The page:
Is love a winning message for Ethiopia?

A new prime minister, even in the face of a brutal attack, preaches ‘love wins’ to a country in need of a new political narrative.

Reuters
Ethiopian Prime Minister Abiy Ahmed waves to supporters as he attends a rally in Addis Ababa, Ethiopia, June 23.

As Africa’s second most populous country and its fastest growing economy, Ethiopia is extraordinary in many ways. It weaves together 80 ethnic groups as well as Christians and Muslims. On a continent with the world’s youngest population, the median age of Ethiopia’s 102 million people is 18.

Yet now add to this list a new prime minister, Abiy Ahmed, who took office in April as Africa’s youngest ruler with this extraordinary trait: He could be the only leader of any country who frequently tells people, “Love wins.”

Last Saturday, for example, after he gave a speech to a large and adoring crowd in the capital, Addis Ababa, someone threw a grenade toward him, killing two people and injuring more than a hundred. His response? “Love always wins. Forgiveness will win. Killing others is a defeat.”

After taking office, he apologized for the killing of dissidents under previous leaders. “I ask forgiveness from the bottom of my heart for the many advocates of freedom and justice...” he said.

He admitted the country is in chaos, a result mainly of several years of antigovernment protests. He also admitted the government is tainted by corruption, pledging a crackdown and better rule of law. And he quickly tried to lift a climate of fear by releasing thousands of political prisoners and ending government blockage of opposition media.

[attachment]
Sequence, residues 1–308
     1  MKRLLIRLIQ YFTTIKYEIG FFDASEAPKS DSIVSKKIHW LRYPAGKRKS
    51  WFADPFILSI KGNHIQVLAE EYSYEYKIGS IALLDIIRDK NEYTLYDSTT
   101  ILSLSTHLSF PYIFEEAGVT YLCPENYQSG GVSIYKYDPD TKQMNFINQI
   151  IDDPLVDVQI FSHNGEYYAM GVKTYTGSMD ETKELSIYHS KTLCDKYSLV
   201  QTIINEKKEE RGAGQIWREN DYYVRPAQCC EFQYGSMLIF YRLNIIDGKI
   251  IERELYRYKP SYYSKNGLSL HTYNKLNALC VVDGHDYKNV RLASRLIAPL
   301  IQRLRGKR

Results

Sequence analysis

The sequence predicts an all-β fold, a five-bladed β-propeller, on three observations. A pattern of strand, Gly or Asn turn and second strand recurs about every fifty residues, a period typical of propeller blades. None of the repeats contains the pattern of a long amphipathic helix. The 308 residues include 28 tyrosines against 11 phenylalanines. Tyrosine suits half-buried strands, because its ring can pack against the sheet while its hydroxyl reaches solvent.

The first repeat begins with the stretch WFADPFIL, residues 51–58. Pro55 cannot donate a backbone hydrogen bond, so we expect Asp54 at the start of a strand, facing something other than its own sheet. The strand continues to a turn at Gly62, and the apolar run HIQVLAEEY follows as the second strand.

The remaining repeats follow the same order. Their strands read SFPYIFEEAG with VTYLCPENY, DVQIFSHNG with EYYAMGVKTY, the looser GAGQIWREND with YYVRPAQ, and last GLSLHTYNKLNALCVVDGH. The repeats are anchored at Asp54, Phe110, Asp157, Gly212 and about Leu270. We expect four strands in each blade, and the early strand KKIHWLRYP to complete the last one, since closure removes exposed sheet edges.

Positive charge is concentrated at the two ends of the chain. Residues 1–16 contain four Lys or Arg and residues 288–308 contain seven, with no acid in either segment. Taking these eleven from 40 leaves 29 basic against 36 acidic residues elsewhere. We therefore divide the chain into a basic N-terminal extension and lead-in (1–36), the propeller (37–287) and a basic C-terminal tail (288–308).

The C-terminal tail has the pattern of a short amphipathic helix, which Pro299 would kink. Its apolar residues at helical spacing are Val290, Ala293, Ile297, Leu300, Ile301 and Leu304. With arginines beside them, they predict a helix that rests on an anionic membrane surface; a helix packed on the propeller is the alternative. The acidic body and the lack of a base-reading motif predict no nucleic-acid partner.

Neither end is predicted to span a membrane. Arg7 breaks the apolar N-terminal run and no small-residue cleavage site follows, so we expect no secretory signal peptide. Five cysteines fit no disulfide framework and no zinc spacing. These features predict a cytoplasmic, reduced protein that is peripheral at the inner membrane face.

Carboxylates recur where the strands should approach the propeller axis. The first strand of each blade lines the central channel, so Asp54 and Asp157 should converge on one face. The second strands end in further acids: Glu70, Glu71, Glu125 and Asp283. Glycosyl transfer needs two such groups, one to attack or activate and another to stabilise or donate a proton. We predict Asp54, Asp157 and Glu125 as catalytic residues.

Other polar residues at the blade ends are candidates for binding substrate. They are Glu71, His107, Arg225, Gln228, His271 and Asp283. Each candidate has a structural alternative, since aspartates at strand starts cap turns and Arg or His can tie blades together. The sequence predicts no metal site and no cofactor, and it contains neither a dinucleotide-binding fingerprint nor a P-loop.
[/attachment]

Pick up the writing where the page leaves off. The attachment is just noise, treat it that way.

His main message during a national tour: “We are now on the path of change and love.”

Dr. Ahmed advises people to cast away a spirit of hatred and revenge in order to end ethnic fears and resentments. To make his point, he made a generous peace offer with neighboring Eritrea over a land dispute that led to a disastrous war two decades ago. He dined with political opponents who had just been released from prison. And he has moved quickly to implement reforms, such as shaking up the much-feared security services and ending a state of emergency.

His biggest drawback is that he represents a ruling coalition, made up of representatives from different groups, that has been in power since 1991. As a young and reformist leader, he may have been chosen by the Ethiopian People’s Revolutionary Democratic Front (EPRDF) in large part to preserve its dominance. He, in turn, could be trying to win the people’s support in order to fend off resistance from the party’s old guard and achieve real reform.

His emphasis on love as a national unifier may stem from his pedigree. He has a PhD in peace studies and “social capital.” His father is a Muslim from the largest ethnic group, the Oromo, while his mother is Christian from the second-largest group, Amhara. He speaks several languages, once worked in military intelligence, and earned a master’s degree from the University of Greenwich in London.

To rise above a long history of ethnic conflict, Ethiopia will need love and forgiveness put into action. Ahmed says a country with so many differences could bring a blessing if people listen to each other and “there is understanding based on principles.” He has proposed a commission to look for new ways to blend the country’s ethnicities into a larger political narrative than the shaky EPRDF coalition.

So far, Ahmed has caught the imagination of Ethiopian youth. Many in Saturday’s crowd carried signs that read “One Love, One Ethiopia.” Two days after the blast, dozens of people were lining up to donate blood for the wounded. It was another example of love winning.

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